Make a stair climbing robot with Actobotics. via instructables
This project uses parts from the Actobotics building system to make a robot that climbs stairs. The main components of the robot are its front leg assembly, back leg, and the means for shifting weight between the two legs. Actobotics channel sliders enable the robot to raise and lower each leg, step each leg forward, and balance itself as it performs these actions.
Here’s what I used:
• Actobotics channel sliders (3) from ServoCity
• 45 rpm precision gearmotors (3) from ServoCity
• electronics to control the motors, including:
• RedBoard and Ardumoto controller from SparkFun Electronics
• HB-25 motor controller from Parallax
• 5k-ohm long-shaft potentiometers (2) and limit switches (2) from Radio Shack
• other Actobotics parts, including:
• gears, pinions, couplers, and bearings to connect the potentiometers to motor output
• various sized aluminum channels, brackets, and small hardware to construct “legs” and “feet”
• extra length of timing belt, 10-ft roll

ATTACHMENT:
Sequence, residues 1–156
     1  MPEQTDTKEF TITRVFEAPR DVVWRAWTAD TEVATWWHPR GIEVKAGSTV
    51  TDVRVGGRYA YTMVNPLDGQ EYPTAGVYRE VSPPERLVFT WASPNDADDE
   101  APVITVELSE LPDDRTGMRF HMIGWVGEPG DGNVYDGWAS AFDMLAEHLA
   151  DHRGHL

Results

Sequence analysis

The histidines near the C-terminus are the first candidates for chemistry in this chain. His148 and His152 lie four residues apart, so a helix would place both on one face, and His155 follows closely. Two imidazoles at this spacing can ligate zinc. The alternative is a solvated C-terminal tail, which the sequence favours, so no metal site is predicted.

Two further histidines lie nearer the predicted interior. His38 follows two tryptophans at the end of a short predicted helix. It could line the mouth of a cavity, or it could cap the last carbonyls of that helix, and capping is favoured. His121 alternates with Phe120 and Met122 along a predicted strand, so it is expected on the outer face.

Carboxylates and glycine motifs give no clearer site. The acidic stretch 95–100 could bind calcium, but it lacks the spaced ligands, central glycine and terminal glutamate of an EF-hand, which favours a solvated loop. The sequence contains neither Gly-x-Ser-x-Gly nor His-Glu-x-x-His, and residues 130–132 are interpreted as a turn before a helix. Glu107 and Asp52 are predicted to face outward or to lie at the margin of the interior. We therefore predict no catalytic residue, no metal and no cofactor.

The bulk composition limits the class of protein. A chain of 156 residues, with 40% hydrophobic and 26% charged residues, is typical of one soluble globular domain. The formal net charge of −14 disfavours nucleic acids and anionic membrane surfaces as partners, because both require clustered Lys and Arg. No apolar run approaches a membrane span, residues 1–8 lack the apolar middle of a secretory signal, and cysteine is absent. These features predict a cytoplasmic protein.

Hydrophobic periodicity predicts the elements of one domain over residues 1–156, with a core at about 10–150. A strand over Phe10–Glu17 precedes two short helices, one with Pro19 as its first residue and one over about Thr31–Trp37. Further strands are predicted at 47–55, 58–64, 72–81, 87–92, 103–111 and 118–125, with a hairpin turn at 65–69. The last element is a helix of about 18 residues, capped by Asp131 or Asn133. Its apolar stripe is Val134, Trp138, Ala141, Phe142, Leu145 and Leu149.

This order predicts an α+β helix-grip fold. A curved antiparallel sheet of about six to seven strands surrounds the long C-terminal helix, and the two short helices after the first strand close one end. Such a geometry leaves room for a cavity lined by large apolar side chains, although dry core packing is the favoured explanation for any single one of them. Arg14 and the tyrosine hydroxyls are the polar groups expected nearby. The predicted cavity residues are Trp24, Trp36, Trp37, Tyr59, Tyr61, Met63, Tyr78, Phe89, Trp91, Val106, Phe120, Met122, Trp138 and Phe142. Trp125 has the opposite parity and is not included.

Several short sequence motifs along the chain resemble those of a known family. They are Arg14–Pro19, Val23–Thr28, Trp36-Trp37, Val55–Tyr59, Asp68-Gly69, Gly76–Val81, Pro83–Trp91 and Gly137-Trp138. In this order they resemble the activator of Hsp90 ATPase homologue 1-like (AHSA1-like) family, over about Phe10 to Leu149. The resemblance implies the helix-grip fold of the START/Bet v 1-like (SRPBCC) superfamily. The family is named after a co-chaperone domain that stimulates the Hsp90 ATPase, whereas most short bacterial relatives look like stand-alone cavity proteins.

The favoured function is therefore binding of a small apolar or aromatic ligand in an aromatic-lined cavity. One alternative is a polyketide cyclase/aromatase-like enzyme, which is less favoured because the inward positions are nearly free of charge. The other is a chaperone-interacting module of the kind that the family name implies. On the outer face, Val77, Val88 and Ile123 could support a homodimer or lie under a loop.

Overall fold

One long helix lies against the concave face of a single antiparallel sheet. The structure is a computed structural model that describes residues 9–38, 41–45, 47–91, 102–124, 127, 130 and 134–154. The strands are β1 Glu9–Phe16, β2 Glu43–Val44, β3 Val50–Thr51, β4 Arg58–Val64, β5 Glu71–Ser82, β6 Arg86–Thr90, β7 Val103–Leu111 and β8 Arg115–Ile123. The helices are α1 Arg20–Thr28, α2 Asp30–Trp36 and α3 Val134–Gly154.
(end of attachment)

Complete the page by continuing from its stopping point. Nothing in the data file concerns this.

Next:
• channel slider bracket type “A” (2) and type “E” (2)
• 9v batteries (2)
• hook-up wire, breadboard, and cable ties as necessary
• 5-lb barbell to provide counter-weight
Obviously, functionally equivalent parts from different sources may be substituted for any of the above. (For example, an Arduino Uno and the RedBoard are essentially interchangeable. And mechanical connections can be made in whatever way works.) The 45-rpm motors have plenty of torque to do the job but make for a relatively slow robot. Replacing with higher speed motors is possible, but make sure you’ve got enough torque.
Have an amazing project to share? Join the SHOW-AND-TELL every Wednesday night at 7:30pm ET on Google+ Hangouts.
Join us every Wednesday night at 8pm ET for Ask an Engineer!
Learn resistor values with Mho’s Resistance or get the best electronics calculator for engineers “Circuit Playground” – Adafruit’s Apps!
Maker Business — Transforming Today’s Bad Jobs into Tomorrow’s Good Jobs
Wearables — Brushing it clean
Electronics — Electrolytic Limitations
Biohacking — High Power Density Human Sweat Battery
No comments yet.
Sorry, the comment form is closed at this time.